# Five ways that maths is stoopid

I LOVE maths. I enjoy maths I can do, and I enjoy maths I can’t do yet. I enjoy spotting patterns, puzzling over abstract ideas, playing about and reaching beautiful (but ultimately wrong) conclusions, and the gorgeous, exciting moment when everything suddenly falls into place. Terry Pratchett said writing was the most fun you could have on your own, but he’s wrong.

There’s a dark side to maths, though. It’s supposed to be this hyper-logical, completely consistent ((This is called ‘trolling Gödel’.)) language, so that if you were given all of the definitions, you’d be able to work out exactly what everything meant. It’s no coincidence that most of the fathers of modern mathematics spoke German ((Gödel, for instance. And Liebniz, Hilbert, Gauss, Euler, Bernoulli (probably), and I’ll chuck in Einstein, Schrödinger and Heisenberg just to make up the numbers. I’m barely scratching the surface of German-speaking mathematicians.)). However, it’s NOT. It suffers from the most dangerous kinds of inconsistencies, the kind you don’t notice because you KNOW maths is consistent. Here are a few things that, when I am King of Maths, I will change.

## 1. Mixed fractions

I like fractions – I got the hang of them quite early and didn’t even realise they were meant to be hard until I was in my teens ((One thing I’d like to install in my classroom is a QI-style buzzer that flashes and clangs whenever someone says “I don’t like fractions.” I have other triggers, too. It’d be a good investment.)). But the way you write mixed fractions: $3\frac{1}{2}$ simply doesn’t make sense.

If you write things next to each other – almost always ((‘Almost always’ is the most weaselly phrase in maths)) ((I appreciate the number of footnotes is getting silly)) ((This is what happens if you spend an afternoon with Tom.)) – you multiply them. $x \frac{y^2}{z}$ doesn’t mean ‘$x$, add $y^2$ $z$ths’, it means ‘$x$ times $y^2$ $z$ths’. It really should be written $3 + \frac{1}{2}$ to avoid the ambiguity.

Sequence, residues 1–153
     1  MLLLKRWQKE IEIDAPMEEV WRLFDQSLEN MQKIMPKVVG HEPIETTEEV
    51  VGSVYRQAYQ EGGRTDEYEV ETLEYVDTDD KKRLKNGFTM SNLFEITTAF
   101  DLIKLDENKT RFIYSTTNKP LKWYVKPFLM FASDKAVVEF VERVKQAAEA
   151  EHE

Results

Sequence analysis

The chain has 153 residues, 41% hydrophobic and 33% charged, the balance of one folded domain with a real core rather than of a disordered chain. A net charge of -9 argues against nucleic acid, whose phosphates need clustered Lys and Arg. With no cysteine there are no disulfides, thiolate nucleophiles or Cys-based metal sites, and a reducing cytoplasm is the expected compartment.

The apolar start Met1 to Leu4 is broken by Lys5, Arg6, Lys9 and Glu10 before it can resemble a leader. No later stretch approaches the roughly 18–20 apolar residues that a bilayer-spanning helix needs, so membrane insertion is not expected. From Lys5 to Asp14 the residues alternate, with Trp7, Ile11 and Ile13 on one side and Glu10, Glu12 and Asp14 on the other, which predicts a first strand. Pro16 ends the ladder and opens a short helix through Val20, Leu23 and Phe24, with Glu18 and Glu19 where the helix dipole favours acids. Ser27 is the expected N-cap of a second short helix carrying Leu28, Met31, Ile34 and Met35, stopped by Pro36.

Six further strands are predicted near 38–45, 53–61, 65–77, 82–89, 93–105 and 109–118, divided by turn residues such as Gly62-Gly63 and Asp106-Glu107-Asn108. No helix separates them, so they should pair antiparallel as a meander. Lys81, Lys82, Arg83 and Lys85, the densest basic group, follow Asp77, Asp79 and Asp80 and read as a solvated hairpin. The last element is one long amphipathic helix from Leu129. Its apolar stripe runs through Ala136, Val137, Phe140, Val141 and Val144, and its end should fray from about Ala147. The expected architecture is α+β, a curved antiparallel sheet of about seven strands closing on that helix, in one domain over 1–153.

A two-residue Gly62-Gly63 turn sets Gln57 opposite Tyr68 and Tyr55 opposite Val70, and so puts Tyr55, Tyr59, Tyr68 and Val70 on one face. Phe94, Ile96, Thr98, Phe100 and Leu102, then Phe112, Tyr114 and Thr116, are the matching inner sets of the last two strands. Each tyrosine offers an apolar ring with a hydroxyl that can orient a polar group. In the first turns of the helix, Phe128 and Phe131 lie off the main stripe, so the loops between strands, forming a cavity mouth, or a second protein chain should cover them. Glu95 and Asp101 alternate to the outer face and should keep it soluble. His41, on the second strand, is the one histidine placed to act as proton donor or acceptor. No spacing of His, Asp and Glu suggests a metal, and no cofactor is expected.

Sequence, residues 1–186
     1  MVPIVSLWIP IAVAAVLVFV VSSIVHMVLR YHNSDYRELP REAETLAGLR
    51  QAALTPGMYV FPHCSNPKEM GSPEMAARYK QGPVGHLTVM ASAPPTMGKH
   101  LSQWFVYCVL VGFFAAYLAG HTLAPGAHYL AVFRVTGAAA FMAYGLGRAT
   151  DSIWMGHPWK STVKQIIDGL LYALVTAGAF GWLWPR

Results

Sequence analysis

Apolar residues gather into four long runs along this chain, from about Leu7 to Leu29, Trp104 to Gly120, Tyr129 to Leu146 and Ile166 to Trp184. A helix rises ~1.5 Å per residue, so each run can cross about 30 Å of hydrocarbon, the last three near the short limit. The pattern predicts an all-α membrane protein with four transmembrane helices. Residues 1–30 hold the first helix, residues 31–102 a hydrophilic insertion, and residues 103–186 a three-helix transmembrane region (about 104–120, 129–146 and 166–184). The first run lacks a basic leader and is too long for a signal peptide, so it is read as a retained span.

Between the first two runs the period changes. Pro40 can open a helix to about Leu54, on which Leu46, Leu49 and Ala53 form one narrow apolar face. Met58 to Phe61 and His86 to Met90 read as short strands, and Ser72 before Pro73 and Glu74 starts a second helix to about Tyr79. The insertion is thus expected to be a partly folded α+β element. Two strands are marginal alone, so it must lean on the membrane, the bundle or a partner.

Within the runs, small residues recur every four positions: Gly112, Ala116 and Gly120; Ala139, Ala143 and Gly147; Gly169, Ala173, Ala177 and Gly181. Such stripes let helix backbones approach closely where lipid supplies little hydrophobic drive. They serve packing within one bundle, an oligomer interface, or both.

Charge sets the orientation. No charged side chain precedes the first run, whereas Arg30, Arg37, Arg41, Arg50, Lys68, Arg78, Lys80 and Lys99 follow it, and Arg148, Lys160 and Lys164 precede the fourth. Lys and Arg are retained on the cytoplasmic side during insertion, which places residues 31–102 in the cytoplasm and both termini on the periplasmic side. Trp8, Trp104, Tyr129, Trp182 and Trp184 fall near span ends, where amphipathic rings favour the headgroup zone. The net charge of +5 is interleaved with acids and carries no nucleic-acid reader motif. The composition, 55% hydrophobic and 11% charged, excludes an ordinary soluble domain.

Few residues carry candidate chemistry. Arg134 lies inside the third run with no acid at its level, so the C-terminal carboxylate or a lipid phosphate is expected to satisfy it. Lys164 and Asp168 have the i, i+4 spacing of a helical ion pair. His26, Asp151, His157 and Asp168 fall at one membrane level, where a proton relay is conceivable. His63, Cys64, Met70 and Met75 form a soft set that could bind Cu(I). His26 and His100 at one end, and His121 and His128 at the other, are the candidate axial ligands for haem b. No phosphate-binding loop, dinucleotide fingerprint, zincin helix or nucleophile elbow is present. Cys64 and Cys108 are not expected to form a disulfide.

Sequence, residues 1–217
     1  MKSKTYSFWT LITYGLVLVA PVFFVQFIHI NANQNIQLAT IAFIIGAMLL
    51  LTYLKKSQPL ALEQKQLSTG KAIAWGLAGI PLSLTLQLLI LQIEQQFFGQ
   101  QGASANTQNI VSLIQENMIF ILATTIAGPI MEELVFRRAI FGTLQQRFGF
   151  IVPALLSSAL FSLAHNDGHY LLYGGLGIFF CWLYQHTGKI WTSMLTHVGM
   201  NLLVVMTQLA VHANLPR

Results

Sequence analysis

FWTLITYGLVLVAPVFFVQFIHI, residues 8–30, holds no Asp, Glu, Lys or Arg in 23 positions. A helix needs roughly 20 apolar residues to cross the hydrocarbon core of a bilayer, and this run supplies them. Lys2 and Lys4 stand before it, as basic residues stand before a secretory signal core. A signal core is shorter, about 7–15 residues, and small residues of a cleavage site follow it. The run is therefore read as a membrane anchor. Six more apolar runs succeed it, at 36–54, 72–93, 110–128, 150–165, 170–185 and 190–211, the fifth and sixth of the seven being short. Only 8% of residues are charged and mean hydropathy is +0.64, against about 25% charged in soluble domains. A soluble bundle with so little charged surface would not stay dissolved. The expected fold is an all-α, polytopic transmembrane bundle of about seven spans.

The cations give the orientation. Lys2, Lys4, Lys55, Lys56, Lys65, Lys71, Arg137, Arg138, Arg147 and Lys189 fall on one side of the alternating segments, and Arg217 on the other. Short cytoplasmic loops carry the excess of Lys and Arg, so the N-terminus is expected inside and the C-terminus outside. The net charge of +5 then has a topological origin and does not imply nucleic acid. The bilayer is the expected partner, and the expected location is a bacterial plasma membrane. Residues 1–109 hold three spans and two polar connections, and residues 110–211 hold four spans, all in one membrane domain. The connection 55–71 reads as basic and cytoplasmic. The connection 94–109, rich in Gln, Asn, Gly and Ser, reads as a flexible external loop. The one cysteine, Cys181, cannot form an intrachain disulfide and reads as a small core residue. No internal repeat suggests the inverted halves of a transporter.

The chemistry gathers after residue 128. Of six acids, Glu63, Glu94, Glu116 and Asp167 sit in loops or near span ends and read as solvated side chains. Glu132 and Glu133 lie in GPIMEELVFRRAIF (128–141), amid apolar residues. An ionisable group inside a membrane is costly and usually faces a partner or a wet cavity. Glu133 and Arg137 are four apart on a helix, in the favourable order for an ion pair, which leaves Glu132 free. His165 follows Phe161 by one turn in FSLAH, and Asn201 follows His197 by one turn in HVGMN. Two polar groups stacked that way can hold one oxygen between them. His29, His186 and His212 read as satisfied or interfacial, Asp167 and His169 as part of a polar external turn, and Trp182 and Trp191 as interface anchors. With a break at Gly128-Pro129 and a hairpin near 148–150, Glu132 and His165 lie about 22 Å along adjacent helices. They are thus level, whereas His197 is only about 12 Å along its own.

## 2. The times sign

Look at it, that smug little cross: $\times$. Ugly little bugger, isn’t it? So easily mixed up with an $x$ or a $+$ if you have bad handwriting ((And most mathematicians do.)), and synonymous with ‘wrong’. It’s a lousy symbol.

‘What’s the right thing to do, then, Colin?’ I hear you wail. ‘How would you fix it?’ Thanks for asking. I would say that either the centred dot – not to be confused with a decimal point, of course ((The Europeans, sensibly, use a comma instead of a decimal point. If you use a space as a number separator instead of a comma, the dot is completely freed up for use as a multiplication symbol.)) – or, better yet, brackets, would be fine. $(7)(8) = 56$. Simple.

### 3. $\sin^2$ and the like

This is more technical than the ones before. If you’ve got as far as C2, you’ll have seen the ugly $\sin^2(x)$ notation floating around. If you’ve got as far as C3, you’ll have also seen the beautiful $f^2(x)$ notation. Those twos, horrifyingly, mean completely different things. ((I’m not the first to point this out. Babbage said something similar in the 1800s. But he didn’t have nine footnotes in a blogpost.))

$f^2(x)$ means ‘find $f$ of $x$ and find $f$ of the answer.’ Completely logical. $\sin^2(x)$ means ‘find the sine of $x$ and square the answer.’ The horror, the horror.

Even worse, $\sin^{-1}(x)$, if sine was treated logically, should mean the same things as $\cosec(x)$ – but no, it means the inverse of sine, which is morally consistent with the $f$ notation.

When I rule maths, $sin^2(x)$ will be mean sine of sine of $x$. If you’re going to square the sine of an angle, you will write $\left[\sin(x)]^2\right]$, like you would with $\ln$.

## 4. Degrees

Degrees will be abolished in favour of the logical and circle-related radians. Anyone caught using degrees will have their maths card revoked.

## 5. Square-rooting

This one causes me no end of trouble. ‘Square root’ has two, subtly distinct meanings that I’d never noticed until someone bamboozled me with it. Here’s what happens when you talk loosely:

”$\sqrt{25} = 5$.” True statement.

“If $x^2 = 25$ and you square root both sides, you get $x = \pm5$.” Another true statement.

See the problem? $\sqrt{25}$ – pronounced ‘the square root of 25’ – is five and five only; but if you square root 25, you get a positive and a negative solution. The function ‘square root’ and the verb ‘to square root’ have slightly different meanings.

This may just be a problem of loose language – probably there’s a better term for ‘undoing a square’ than ‘square-rooting’ – but it’s a hard one to untangle. I don’t know exactly what I’d do as Imperial Overlord Of Maths to fix this.

What are your biggest bugbears about mathematical notation? Where does the subject not do what it’s supposed to do for you?

* Edited 15/12/2013 for formatting and to count footnotes.